By: Tyler Bishop
Below, I'll address some of the most common questions and anecdotes about website speed in the context of Ezoic.
I'll also show you how to use Ezoic to see site speed EXACTLY how Google does from an SEO perspective using their preferred too, Google Lighthouse.
1.) My website "speed score" is...
Unfortunately, the most commonly used website speed tool used by publishers is Google's Pagespeed Insights — which has been broken since late 2018 and has yet to be fixed by Google's team even to this day. This means that the scores often show much lower than they are designed to show; which is by using Chrome Lighthouse inside the Developer Tools.
That said, what about GTMetrix, Lighthouse itself, and other pagespeed tools that are calculating a slow score on my site?
Before digging into how to troubleshoot and ensure that Ezoic is configured properly on your site, it is important to outline the limitations and dangers of relying on tools as a measure of actual website speed, or as an indicator of something that — if improved — would directly provide a benefit in some or fashion in terms of SEO, traffic, UX, and revenue.
Website speed is important, as we have all heard, but site scoring tools are simply proprietary measurements of a sites speed that include a general check of common issues or challenges. A fast site may actually get a better score than a slow site in many of these tools because of the way a site is built or developed.
Take CNN.com for example, head over to the site on a mobile device from a mobile network. I'm willing to bet it loaded instantly for you. However, when processed through common tools the site shows about as bad of a score as you can get.
"CNN.com built their mobile site for users, not tools. The site may load/process many items in the background, but for users, the experience is almost instant. This means tools see the site as slow but users see it as fast. The tools are not connected to anything ad or SEO related; however, the visitor's experience 100% is..."
Tools are built to give general feedback and general recommendations. That is why so much of the advice is irrelevant, wrong (will make some sites physically slower), or would break many sites if implemented as recommended. For example, removing some elements of the "render-blocking" CSS on one of my sites instantly ruins the theme on my homepage.
Prior to getting into what you can do about actual site speed using Ezoic, and how Ezoic improves actual site speed for visitors, it is vitally important to understand the way these tools work and why they are not good ultimate measures of website speed.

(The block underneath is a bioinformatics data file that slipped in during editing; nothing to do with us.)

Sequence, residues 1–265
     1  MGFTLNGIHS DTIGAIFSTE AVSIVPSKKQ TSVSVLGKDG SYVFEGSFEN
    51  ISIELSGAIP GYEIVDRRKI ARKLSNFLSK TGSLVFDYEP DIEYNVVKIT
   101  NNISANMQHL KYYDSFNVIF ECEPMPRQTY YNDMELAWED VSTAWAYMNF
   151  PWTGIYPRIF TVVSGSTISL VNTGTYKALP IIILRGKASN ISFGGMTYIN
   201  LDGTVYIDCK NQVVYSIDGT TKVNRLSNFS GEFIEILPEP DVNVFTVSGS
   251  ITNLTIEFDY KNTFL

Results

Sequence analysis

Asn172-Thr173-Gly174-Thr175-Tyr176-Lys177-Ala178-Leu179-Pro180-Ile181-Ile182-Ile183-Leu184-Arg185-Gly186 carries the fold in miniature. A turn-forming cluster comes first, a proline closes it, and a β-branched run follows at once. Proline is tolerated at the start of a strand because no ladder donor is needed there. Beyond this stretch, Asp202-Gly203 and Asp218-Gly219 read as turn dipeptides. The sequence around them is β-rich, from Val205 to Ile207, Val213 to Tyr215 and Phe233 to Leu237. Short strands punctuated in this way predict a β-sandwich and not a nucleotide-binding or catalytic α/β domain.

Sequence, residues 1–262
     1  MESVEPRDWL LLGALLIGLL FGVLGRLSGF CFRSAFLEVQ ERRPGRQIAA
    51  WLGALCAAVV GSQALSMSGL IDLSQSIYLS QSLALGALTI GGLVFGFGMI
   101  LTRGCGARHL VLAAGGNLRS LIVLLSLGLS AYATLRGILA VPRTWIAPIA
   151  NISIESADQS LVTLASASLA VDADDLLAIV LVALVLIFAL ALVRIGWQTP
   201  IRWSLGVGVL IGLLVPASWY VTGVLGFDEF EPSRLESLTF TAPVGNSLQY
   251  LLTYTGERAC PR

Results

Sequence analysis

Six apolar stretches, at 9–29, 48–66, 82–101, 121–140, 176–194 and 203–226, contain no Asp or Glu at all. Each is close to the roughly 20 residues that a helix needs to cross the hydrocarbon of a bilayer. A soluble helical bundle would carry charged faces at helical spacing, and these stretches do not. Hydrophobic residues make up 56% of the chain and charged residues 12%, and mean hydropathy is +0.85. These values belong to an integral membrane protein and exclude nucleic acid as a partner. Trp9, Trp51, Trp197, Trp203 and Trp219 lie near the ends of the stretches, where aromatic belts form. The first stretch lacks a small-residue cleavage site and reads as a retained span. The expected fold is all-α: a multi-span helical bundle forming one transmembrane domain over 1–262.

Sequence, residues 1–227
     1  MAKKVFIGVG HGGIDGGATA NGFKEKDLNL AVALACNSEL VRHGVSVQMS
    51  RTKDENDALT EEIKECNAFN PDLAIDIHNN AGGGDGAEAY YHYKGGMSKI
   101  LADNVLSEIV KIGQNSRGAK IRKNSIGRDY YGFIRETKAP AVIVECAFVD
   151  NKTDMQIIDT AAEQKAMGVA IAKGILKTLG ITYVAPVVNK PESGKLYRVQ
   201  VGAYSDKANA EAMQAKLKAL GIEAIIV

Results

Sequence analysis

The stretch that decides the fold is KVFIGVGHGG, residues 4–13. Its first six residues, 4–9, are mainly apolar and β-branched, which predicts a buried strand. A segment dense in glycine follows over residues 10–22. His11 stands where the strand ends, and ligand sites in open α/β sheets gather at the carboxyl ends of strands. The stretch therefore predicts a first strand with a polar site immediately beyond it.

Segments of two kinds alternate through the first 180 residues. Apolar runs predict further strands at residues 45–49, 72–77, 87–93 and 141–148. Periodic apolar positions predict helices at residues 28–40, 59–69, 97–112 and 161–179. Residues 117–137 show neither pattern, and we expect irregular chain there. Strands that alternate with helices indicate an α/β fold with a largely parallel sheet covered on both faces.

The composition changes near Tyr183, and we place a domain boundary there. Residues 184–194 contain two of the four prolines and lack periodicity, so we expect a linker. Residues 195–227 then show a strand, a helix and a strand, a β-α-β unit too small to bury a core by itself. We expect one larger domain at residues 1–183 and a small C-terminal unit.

Tools can be a good way to get information about specific areas of your site that can be improved, but the Ezoic Site Speed app is actually designed to do all of these things automatically. However, even with all the recommendations in place, many tools still produce a low score... which is ultimately irrelevant if the site itself is fast and speed is not actually impacting UX.
The one recommendation we do make to publishers is to use the Ezoic Site Speed Measurement Tool to compare the "without Ezoic" version of your site to the Ezoic version.
In most cases, if your site is set up properly, the Ezoic version is actually objectively faster and more lightweight. If the site speed app is on and caching is enabled properly, there are few exceptions to this.
Note: The exception is if your original site has no ads on it. No site can escape the issue of ads impacting the overall total page load time; however, lazy-loading ads will ensure that the website remains just as fast to visitors (while showing a lower overall tools score and page load time)
Additionally, all ads slow down total site load time, but single-network solutions, like AdSense alone, won't affect sites as much as things included in Ezoic like Header Bidding, Google's Ad Exchange, and more. These are things that every major publisher in the world deals with and uses and there are no great improvements to be made.
This can be a good way of understanding that Ezoic is not actually impacting website speed. What's more, if you see a major discrepancy in the way this looks, it is possible something is not working properly on your configuration.
2.) How do I ensure Ezoic is set up to show my users the fastest version of my site?
Step 1: Ensure the site speed app is installed on your site from the Ezoic app store. More on setting it up here.
Step 2: Configure as many of the site speed elements that are available inside the app as a "Version" and then test the tool to ensure your site displays properly. You can try different versions to ensure that the Site Speed App doesn't cause issues with your site and activate and de-activate them depending on your results. Ultimately, we hope that all modules inside the app work great on your site. Once they do, activate the version that is working best.
NOTE: The site speed app does not instantly take effect. It may be up to 24 hours until all the implementations are live and running on the site (assuming caching is set up correctly, see below). Additionally, the site speed app uses smart technology to modify and change things over time to help improve speed for each user the more time the app is turned on.
Step 3: Ensure Caching is configured properly according to your rules and that it is ACTUALLY doing its job on your website. This starts by installing and configuring the caching app (more on that all here).